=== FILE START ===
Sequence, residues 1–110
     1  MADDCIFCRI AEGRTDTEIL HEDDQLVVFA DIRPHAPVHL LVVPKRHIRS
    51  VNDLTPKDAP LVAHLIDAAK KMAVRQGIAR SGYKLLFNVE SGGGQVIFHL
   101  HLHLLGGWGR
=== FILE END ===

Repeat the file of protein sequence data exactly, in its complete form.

Sequence, residues 1–110
     1  MADDCIFCRI AEGRTDTEIL HEDDQLVVFA DIRPHAPVHL LVVPKRHIRS
    51  VNDLTPKDAP LVAHLIDAAK KMAVRQGIAR SGYKLLFNVE SGGGQVIFHL
   101  HLHLLGGWGR